If samples are collected in bags, then labels are written down on pieces of paper, which are put into the bag. If samples are wrapped in paper – label data is written down on the wrapping paper. Minerals and rocks can be identified in the field, but it is more convenient to identify them in the lab.

When students return to the lab, they should sort out all the samples. A large table will work best. Initial sorting is conducted according to sampling sites. Samples that are common for different places (according to their appearance) are revealed in each sampling site collection. Common minerals and rocks usually make up from fifty to...


This was only the first page from the manual and its full version you can see in the

Ecological Field Studies 4CD Set:

It is possible to purchase the complete set of 40 seasonal Ecological Field Study Materials (video in mpg + manuals in pdf formats) in an attractive 4 compact disk set. These compact disks are compatible with Mac and PC computers. The teacher background information and manuals can be printed out for easy reference. The videos are suitable for individual student or whole class instruction. To purchase the complete 4CD set write a request to the authors (in a free form).

Ecological Field Studies 4CD Set

Some of these manuals you can also purchase in the form of applications for Android devices on Google Play.

Ecological Field Studies Demo Disk:

We also have a free and interesting demonstration disk that explains our ecological field studies approach. The demo disk has short excerpts from all the seasonal field study videos as well as sample text from all the teacher manuals. The disk has an entertaining automatic walk through which describes the field study approach and explains how field studies meet education standards.

You can also download the Demo Disc from This is a virtual hybrid (for PC and Mac computers) CD-ROM image (one 563 Mb file "CD_Demo.iso"). You can write this image to the CD and use it in your computer in ordinary way. You also can use emulator software of virtual CD-ROM drive to play the disk directly from your hard disk.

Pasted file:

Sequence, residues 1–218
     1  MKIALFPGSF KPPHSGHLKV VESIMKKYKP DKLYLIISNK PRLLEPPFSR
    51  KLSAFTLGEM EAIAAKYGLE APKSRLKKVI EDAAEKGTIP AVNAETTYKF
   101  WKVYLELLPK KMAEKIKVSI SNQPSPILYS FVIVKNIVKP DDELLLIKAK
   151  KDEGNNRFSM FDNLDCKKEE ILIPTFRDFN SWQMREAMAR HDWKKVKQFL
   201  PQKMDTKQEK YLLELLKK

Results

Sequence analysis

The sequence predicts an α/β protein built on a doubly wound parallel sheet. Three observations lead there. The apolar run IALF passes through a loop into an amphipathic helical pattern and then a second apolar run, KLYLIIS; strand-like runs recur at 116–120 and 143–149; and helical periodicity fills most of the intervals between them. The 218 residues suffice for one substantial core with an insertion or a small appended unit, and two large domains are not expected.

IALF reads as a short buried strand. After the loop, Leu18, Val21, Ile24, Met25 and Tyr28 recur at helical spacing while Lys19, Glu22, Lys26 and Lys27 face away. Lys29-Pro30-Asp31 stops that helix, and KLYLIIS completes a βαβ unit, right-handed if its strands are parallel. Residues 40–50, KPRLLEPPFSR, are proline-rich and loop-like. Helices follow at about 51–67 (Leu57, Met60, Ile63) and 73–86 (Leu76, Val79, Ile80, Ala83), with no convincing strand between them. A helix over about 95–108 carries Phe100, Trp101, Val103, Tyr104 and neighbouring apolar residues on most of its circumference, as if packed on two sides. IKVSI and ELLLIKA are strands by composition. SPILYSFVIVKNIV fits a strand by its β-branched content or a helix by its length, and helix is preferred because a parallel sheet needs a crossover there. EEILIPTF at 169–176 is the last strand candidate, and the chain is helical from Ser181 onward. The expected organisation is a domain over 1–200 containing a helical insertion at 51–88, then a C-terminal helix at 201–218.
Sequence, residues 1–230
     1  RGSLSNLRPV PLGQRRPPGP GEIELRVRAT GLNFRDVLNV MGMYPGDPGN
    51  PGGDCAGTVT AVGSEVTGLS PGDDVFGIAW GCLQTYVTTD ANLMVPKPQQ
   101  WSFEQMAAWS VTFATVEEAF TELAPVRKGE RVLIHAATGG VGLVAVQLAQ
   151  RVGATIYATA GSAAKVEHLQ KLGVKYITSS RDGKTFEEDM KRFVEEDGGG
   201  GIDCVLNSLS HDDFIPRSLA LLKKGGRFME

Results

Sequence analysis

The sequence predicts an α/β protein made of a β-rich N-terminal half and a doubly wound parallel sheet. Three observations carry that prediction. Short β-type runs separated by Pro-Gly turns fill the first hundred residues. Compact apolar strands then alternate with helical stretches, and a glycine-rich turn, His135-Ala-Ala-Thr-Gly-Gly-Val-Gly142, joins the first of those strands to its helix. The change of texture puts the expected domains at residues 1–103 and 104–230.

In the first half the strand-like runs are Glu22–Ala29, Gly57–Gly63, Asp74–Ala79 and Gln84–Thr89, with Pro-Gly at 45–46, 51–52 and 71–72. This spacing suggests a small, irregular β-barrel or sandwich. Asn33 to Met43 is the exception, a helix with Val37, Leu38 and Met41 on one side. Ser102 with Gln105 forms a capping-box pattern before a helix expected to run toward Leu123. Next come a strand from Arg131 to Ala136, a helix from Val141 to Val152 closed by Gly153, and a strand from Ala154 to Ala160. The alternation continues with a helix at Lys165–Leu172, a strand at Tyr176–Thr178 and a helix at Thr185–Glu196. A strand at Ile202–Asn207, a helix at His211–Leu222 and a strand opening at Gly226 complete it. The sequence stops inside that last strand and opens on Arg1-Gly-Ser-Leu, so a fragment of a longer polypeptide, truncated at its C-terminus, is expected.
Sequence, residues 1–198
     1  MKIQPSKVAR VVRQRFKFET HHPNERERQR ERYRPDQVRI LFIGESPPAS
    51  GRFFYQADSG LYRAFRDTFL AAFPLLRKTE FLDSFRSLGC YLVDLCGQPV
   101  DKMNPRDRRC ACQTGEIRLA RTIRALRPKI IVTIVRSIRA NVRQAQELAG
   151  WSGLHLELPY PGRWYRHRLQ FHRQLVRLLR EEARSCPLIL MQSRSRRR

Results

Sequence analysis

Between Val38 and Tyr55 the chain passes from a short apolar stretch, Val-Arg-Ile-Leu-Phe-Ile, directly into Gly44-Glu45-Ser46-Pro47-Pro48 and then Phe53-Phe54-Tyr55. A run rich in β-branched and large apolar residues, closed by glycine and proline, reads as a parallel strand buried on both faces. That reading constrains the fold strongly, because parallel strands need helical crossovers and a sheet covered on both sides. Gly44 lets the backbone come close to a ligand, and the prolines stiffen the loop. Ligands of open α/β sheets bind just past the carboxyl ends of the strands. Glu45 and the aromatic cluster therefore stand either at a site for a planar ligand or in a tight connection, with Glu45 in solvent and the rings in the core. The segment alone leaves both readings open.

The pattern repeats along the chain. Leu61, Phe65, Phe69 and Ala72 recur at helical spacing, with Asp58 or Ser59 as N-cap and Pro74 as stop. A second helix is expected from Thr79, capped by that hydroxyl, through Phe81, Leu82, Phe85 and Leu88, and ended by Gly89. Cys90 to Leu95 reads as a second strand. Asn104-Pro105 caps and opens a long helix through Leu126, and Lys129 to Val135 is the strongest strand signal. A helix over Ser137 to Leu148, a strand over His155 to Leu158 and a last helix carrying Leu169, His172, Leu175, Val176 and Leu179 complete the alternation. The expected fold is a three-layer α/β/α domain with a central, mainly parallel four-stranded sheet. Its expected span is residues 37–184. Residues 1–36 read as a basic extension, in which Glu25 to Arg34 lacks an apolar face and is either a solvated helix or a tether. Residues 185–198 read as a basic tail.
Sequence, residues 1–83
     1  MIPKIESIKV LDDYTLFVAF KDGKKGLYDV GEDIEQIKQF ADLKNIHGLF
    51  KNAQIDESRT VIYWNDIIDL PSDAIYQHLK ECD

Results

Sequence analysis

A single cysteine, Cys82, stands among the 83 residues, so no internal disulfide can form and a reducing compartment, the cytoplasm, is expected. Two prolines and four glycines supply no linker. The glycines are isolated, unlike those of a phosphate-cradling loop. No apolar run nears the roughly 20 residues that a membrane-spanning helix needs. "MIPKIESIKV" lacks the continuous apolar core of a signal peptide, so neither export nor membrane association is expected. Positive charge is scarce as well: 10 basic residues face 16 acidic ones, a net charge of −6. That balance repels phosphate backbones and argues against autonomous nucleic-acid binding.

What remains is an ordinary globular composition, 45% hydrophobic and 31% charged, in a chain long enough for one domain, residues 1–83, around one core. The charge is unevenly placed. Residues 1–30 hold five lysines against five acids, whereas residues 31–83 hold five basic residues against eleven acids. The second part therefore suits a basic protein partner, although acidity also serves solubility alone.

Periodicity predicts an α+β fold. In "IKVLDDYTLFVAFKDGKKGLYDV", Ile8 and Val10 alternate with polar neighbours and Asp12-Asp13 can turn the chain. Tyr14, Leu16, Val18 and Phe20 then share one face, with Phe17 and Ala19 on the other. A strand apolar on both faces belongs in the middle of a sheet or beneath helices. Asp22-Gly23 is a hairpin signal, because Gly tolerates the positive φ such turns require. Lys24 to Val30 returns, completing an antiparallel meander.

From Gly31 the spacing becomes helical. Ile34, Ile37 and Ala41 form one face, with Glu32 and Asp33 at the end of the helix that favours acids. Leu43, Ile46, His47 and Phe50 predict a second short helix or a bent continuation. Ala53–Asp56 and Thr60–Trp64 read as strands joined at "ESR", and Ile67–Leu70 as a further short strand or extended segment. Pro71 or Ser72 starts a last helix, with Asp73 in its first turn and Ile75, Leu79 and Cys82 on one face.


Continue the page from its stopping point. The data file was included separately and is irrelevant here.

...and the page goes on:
Ecological Field Studies Demo Disk


Other Ecological Field Studies Instructive Manuals:

Autumn Season

  1. Orienteering in the Forest
  2. Procedure of the Geological Exposure Description
  3. Plotting a Profile of a River Valley Slope
  4. Simple Procedure of Soil Description
  5. Assessment of the Vital State of a Forest Based on Pine-tree Analysis
  6. Study of Species Composition and Number of Fungi
  7. Study of Species Composition and Census of Birds Using the Line Transect-counting Method
  8. Integrated Study Based on Landscape Profile
  9. Complex Environmental Assessment of Human Impact on an Area
  10. Assessment of Air Pollution by Lichen Indication Method

Winter Season

  1. Making a Campfire
  2. Simple “Eye” Survey of the Field Study Site
  3. Study of Growth Dynamics of Trees Based on Annual Rings
  4. Mapping Forest Vegetation
  5. Green Plants Under Snow
  6. Methods of Observation of a Chickadee Flock's Territorial Behavior
  7. Procedure of Winter Mammals Route Census by Footprints
  8. Study of Mammal Ecology According to Their Tracks
  9. Physical and Chemical Properties of Natural Waters
  10. Study of Snow Cover Profile

Spring Season

  1. Let's Help Birds!
  2. Study of the Ecology of Early Flowering Plants
  3. Phenology of Plant Florescence
  4. Assessment of the Vital State of Coniferous Underbrush
  5. Study of Forest Invertebrates (Part I: Forest Litter, Wood)
  6. Studies of Species Composition and Abundance of Amphibians
  7. Studying Minerals and Rocks in Your Area
  8. Studies of the Day Activity of Singing Birds
  9. Studies of Bird Populations Size by Different Methods
  10. Study of Fauna of Spring Temporary Water Bodies

Summer Season

  1. Making a Herbarium
  2. The Study of Plants in Your Local Environment
  3. Study of the Vertical Structure of a Forest
  4. Study of Forest Invertebrates (Part 2: Grass Layer, Tree Crowns and Air)
  5. Study of Birds’ Nesting Life
  6. Complex Comparative Description of Small Rivers and Streams
  7. The Study of Water Invertebrates in a Local River and Assessment of Its Environmental State
  8. Study of Plankton
  9. Assessment of Ecological Features of Meadows on the Base of Vegetation Cover
  10. Assessment of Environmental State of the Forest Based on Leaves’ Asymmetry